Why Things Happen


An Excerpt from Seeking Jordan by Matthew McKay, PhD

The ones who hurt Jordan go on, while his days with us slip farther and farther into the past. What was the plan, the purpose, in his leaving so early, in the middle of a passionate life?

In the beginning I tried to explain that rendezvous — between Jordan and his murderers — as chance, as a random convulsion of fate where men who are prone to violence happened to cross his path. And I have imagined them as victims too, poured from families and neighborhoods that breed trauma. I have imagined them, impoverished of other opportunities, using violence as an instrument to prove themselves or meet basic needs.

I have tried to explain violence — and the moment Jordan died — as the poet W. H. Auden did: “Those to whom evil is done / Do evil in return.” But while that statement is absolutely true — as I know from my own work with trauma victims — I less and less believe it as the reason for losing my son. That’s because the matrix of cause and effect is only the most obvious explanation for events.

If I let go of my pen, the force of gravity will make it fall. Cause and effect. If a child is raised in a brutal, treacherous environment, attachment theory predicts he or she will struggle with emotion dysregulation, as well as with aggressive or impulsive behavior. Again, this would appear to be cause and effect. However, falling pens don’t make choices. Our human ability to choose — through some degree of free will — tangles the web of cause and effect. Causes become harder to trace.

To understand why Jordan was killed I’ve had to go back to the question of why we are here. In fact, I’ve had to go even further, to the purpose of the material universe.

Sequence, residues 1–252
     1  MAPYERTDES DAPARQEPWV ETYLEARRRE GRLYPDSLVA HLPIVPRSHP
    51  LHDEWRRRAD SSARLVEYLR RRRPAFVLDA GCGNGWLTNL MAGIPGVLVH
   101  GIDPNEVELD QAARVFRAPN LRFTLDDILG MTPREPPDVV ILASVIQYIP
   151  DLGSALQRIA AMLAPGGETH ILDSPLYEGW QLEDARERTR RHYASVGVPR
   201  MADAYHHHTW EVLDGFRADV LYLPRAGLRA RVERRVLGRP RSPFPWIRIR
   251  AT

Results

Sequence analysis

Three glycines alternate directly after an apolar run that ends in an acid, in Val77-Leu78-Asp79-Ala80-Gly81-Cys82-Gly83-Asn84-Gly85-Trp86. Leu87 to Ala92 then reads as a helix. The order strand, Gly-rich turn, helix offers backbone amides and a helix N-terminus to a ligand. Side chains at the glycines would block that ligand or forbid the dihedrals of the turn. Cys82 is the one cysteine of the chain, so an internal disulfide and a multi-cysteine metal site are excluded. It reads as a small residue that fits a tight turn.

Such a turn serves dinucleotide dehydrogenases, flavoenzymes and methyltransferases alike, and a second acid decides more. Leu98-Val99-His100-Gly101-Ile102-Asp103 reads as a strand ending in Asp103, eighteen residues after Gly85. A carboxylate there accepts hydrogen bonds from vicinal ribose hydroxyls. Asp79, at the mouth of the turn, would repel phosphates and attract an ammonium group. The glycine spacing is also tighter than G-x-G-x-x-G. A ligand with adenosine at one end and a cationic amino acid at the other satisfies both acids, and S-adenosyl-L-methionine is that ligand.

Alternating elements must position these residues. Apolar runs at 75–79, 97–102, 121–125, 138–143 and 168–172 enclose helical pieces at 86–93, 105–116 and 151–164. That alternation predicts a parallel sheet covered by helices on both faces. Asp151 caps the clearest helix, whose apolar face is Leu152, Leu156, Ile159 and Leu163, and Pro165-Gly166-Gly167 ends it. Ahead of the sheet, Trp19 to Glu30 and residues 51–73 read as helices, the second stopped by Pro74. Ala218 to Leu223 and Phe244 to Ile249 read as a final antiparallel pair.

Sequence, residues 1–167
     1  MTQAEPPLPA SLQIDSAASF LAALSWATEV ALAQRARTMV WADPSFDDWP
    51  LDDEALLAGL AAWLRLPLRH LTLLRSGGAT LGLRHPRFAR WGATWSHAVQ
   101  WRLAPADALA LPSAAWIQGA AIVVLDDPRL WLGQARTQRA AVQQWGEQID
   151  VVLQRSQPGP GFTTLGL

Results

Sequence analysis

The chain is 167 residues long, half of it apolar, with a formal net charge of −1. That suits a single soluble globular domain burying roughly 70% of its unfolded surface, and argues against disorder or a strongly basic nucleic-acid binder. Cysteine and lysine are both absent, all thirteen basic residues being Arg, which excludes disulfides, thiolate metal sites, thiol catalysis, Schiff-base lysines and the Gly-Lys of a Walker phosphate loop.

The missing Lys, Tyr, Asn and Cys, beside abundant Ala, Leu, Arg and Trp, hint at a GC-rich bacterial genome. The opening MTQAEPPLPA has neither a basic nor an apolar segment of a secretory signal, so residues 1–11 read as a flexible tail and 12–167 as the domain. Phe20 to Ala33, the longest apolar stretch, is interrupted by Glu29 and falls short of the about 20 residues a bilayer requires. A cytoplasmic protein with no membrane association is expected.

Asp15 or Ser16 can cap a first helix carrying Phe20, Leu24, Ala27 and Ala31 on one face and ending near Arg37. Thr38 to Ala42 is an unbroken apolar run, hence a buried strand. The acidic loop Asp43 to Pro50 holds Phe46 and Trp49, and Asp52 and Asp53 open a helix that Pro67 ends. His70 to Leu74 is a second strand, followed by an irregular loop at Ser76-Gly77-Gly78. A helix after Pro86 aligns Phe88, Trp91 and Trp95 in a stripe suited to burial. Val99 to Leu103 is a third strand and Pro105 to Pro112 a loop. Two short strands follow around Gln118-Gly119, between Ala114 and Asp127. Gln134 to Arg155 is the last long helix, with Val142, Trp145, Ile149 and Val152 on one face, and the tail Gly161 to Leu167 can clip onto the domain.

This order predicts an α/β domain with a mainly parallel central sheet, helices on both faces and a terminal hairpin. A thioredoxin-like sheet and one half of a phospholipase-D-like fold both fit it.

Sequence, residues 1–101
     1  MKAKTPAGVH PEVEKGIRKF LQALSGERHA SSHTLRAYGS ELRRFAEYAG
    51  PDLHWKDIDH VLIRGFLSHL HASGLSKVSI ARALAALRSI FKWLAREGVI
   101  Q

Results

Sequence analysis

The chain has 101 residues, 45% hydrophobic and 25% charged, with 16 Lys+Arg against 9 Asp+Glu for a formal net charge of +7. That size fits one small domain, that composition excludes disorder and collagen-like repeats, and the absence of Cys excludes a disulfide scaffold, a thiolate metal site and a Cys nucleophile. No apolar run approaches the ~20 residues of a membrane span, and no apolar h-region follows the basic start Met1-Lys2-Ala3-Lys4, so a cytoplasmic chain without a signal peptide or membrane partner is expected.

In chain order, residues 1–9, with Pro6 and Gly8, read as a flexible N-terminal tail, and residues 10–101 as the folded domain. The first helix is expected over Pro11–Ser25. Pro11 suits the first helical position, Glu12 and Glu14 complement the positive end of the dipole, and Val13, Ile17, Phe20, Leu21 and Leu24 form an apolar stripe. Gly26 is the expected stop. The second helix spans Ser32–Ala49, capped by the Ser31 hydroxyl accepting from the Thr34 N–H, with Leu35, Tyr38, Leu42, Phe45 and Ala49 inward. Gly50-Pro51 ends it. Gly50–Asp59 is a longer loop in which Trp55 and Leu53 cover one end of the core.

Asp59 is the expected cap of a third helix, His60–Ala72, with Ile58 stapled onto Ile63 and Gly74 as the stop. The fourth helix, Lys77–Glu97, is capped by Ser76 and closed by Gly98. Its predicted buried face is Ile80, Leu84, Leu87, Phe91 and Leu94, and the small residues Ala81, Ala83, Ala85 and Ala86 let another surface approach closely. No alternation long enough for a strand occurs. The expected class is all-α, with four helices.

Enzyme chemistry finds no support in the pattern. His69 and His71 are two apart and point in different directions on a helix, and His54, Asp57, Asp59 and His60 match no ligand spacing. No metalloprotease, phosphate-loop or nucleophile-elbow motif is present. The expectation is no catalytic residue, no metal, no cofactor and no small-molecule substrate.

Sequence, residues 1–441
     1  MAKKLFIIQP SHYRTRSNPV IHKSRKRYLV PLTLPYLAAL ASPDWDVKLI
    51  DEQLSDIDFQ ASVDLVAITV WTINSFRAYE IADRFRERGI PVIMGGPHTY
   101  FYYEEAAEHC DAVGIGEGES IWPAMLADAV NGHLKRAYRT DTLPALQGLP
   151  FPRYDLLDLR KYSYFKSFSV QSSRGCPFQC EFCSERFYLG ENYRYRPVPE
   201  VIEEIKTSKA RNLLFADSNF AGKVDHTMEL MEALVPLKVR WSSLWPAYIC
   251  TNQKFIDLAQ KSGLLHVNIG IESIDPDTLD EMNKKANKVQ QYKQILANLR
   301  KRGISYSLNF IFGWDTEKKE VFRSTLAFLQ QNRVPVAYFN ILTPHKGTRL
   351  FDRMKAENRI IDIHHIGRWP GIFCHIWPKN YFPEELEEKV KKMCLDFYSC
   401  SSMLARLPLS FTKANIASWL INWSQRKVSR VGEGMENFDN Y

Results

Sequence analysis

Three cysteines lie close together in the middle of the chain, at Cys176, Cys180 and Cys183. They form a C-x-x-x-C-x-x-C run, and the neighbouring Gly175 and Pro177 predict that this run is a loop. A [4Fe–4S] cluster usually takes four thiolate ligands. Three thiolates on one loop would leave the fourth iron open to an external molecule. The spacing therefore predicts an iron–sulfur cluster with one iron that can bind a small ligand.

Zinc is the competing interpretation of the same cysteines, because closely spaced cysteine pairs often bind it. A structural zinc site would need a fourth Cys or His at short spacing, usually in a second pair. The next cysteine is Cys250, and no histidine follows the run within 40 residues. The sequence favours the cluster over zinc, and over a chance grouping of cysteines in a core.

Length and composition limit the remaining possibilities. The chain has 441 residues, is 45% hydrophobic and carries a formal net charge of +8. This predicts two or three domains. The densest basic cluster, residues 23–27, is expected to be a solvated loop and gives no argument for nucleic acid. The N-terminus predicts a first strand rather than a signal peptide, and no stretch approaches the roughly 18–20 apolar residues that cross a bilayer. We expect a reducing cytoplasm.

Jordan tells me this:

The purpose of matter — whether in the form of circling planets or the human body — is to help consciousness grow. All of physical existence serves this purpose. Consciousness creates matter and the laws of the universe. Then it manipulates and lives in physical worlds in order to learn and evolve. So every event is an opportunity for souls to grow.

There is no tragedy; there is no loss. There are just events we learn from.

We select lives based on what will probably happen in that life, and what those experiences will teach. So our lesson plan determines the body, family, and environment we enter — including major relationships, challenges, and crises. But things don’t always go according to plan, because of choices — our own and those of the souls around us. The possibilities at the moment when we select a life are often changed by the counterforce of free will.

The matrix of cause and effect, stretched over time, collides with hundreds of choices by dozens of nearby souls. As a result, what we signed up for may look very different thirty, forty, or fifty years into a particular life. To add to the uncertainty, lessons that go unlearned must be presented again in new circumstances. And karmic challenges that have finally been faced and surmounted will be dropped from the lesson plan, with new learning opportunities to replace them.

How much, I ask Jordan, of the lesson plan for a life actually happens?

The big challenges and major events usually occur. This is because the waves of probability are so strong and because they intersect from multiple sources. But events with a lower probability are often erased by decisions we make. For example, souls born in the 1920s and 1930s had an almost 100 percent probability of facing World War II. Where they lived and how the war might touch them wasn’t likely to change. But choices they made responding to countless life events could change their circumstances — even to the point of altering the likely span of their lives.

In short, the big stuff is set. But as the force of probability diminishes, our individual wills have more effect on what happens. This much is always true: whether events occur as planned or are affected by choice, the purpose of everything is to learn.

Matthew McKay, PhD, is the author of Seeking Jordan and numerous other books. He is a clinical psychologist, professor at the Wright Institute in Berkeley, CA, and founder and publisher at New Harbinger Publications. Visit him online at www.SeekingJordan.com.

Excerpted from Seeking Jordan: How I Learned the Truth about Death and the Invisible Universe. Copyright ©2016 by Matthew McKay, PhD. Reprinted with permission from New World Library.